arresting

[uh-res-ting]

Origin:
arrest + -ing2

arrestingly, adverb
nonarresting, adjective
unarresting, adjective
Dictionary.com Unabridged

arrest

[uh-rest]
verb (used with object)
1.
to seize (a person) by legal authority or warrant; take into custody: The police arrested the burglar.
2.
to catch and hold; attract and fix; engage: The loud noise arrested our attention.
3.
to check the course of; stop; slow down: to arrest progress.
4.
Medicine/Medical. to control or stop the active progress of (a disease): The new drug did not arrest the cancer.
noun
5.
the taking of a person into legal custody, as by officers of the law.
6.
any seizure or taking by force.
7.
an act of stopping or the state of being stopped: the arrest of tooth decay.
8.
Machinery. any device for stopping machinery; stop.
Idioms
9.
under arrest, in custody of the police or other legal authorities: They placed the suspect under arrest at the scene of the crime.

Origin:
1275–1325; (v.) Middle English aresten < Anglo-French, Middle French arester, < Vulgar Latin *arrestāre to stop (see ar-, rest2); (noun) Middle English arest(e) < Anglo-French, Old French, noun derivative of v.

arrestable, adjective
arrestment, noun
postarrest, adjective
prearrest, verb (used with object)
prearrestment, noun
rearrest, verb (used with object), noun
unarrestable, adjective
unarrested, adjective


1. apprehend. 2. secure, rivet, occupy. 3. stay. See stop. 5. detention, apprehension, imprisonment. 7. stoppage, halt, stay, check.
Dictionary.com Unabridged
Based on the Random House Dictionary, © Random House, Inc. 2014.
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World English Dictionary
arrest (əˈrɛst)
 
vb
1.  to deprive (a person) of liberty by taking him into custody, esp under lawful authority
2.  to seize (a ship) under lawful authority
3.  to slow or stop the development or progress of (a disease, growth, etc)
4.  to catch and hold (one's attention, sight, etc)
5.  law arrest judgment to stay proceedings after a verdict, on the grounds of error or possible error
6.  informal can't get arrested (of a performer) is unrecognized and unsuccessful: he can't get arrested here but is a megastar in the States
 
n
7.  the act of taking a person into custody, esp under lawful authority
8.  the act of seizing and holding a ship under lawful authority
9.  the state of being held, esp under lawful authority: under arrest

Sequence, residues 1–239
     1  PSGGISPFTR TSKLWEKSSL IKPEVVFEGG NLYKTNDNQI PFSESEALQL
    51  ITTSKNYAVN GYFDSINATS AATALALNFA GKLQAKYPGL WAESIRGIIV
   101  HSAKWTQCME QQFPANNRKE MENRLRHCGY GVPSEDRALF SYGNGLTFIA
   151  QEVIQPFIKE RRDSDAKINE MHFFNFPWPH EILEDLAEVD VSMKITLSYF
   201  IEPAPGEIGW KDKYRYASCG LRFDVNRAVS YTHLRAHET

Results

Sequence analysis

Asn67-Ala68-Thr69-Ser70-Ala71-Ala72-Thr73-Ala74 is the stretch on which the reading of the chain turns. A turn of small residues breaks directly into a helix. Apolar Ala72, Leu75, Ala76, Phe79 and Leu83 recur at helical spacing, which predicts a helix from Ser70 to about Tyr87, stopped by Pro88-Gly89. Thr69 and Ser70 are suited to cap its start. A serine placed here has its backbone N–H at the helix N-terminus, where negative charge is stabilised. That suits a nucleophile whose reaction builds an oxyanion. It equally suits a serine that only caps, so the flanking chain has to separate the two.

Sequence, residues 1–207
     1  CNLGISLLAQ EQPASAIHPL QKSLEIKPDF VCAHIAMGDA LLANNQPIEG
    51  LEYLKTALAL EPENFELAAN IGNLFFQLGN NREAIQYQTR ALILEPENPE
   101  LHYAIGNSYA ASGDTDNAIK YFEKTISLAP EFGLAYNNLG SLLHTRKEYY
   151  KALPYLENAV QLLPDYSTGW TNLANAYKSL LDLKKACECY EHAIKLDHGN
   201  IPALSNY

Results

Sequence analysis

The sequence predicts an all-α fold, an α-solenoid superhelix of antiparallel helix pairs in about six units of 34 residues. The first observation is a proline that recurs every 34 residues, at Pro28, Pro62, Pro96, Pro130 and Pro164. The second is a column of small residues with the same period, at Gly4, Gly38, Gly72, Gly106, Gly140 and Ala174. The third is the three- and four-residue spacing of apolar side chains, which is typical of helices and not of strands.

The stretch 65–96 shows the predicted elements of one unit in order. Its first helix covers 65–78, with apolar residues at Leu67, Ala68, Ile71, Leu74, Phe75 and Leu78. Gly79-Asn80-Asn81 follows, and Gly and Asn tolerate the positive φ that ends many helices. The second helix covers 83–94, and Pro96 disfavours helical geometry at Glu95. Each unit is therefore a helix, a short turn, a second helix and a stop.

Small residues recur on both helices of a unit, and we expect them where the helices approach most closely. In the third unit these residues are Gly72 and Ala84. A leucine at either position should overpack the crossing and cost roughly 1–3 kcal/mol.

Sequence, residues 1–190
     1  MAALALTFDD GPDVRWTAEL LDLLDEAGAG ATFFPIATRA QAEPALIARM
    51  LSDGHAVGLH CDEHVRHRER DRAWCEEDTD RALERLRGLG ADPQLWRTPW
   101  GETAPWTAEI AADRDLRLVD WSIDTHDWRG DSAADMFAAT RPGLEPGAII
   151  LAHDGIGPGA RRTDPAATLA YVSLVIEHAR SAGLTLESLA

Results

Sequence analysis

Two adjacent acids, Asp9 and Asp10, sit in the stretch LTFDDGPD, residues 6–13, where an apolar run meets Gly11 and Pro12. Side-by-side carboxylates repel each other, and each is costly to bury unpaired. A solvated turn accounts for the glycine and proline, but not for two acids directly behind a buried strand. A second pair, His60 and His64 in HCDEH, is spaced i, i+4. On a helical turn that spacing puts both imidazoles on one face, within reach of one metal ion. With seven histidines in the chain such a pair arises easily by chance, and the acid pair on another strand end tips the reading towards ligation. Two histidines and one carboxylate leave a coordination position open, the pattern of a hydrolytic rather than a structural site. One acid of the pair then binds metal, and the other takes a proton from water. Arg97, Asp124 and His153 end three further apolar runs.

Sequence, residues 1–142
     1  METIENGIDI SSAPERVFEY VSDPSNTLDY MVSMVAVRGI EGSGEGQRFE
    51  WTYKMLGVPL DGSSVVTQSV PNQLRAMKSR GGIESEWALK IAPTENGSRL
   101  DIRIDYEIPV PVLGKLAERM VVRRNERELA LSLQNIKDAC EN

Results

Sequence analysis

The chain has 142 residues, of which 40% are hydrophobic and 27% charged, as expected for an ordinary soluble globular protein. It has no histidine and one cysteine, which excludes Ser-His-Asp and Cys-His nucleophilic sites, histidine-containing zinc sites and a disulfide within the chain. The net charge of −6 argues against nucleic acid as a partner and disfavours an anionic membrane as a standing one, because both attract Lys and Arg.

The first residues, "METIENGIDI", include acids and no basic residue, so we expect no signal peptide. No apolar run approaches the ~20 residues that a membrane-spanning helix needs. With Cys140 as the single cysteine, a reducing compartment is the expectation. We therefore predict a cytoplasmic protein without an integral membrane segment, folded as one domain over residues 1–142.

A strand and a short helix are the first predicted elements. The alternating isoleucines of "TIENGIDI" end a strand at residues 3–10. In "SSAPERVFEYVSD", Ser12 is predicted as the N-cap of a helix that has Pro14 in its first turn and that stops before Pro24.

10.  Also called: arrestation the slowing or stopping of the development or progress of something
11.  the stopping or sudden cessation of motion of something: a cardiac arrest
 
[C14: from Old French arester, from Vulgar Latin arrestāre (unattested), from Latin ad at, to + restāre to stand firm, stop]

arresting (əˈrɛstɪŋ)
 
adj
attracting attention; striking
 
ar'restingly
 
adv

Collins English Dictionary - Complete & Unabridged 10th Edition
2009 © William Collins Sons & Co. Ltd. 1979, 1986 © HarperCollins
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Etymonline
Word Origin & History

arrest
"to cause to stop," also "to detain legally," late 14c., from O.Fr. arester "to stay, stop," from V.L. *arrestare (cf. It. arrestare, Sp., Port. arrestar), from L. ad- "to" + restare "to stop, remain behind, stay back," from re- "back" + stare "to stand," from PIE base *sta- "to stand" (see
stet). Fig. sense of "to catch and hold" (the attention, etc.) is from 1814.

arresting
early 15c., "action of stopping" someone or something, from arrest (q.v.). Adj. meaning "striking, that captures the imagination" is from 1792.
Online Etymology Dictionary, © 2010 Douglas Harper
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American Heritage
Medical Dictionary

arrest ar·rest (ə-rěst')
v. ar·rest·ed, ar·rest·ing, ar·rests

  1. To stop; check.

  2. To undergo cardiac arrest.

n.
  1. An interference with or a checking of the regular course of a disease or symptom, a stoppage.

  2. Interference with the performance of a function.

  3. The inhibition of a developmental process, usually the ultimate stage of development.

The American Heritage® Stedman's Medical Dictionary
Copyright © 2002, 2001, 1995 by Houghton Mifflin Company. Published by Houghton Mifflin Company.
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Example sentences
Behind the picturesque and captivating rendezvous lurks a powerful dramatic
  situation and a moral problem of arresting gravity.
It offered the only chance for arresting the panic, and it did arrest the panic.
They said they were arresting her on suspicion of a traffic offense, and then
  took her to her parents' home, which they searched.
Other reports stated that the police used rubber bullets and tear gas while
  arresting demonstrators.
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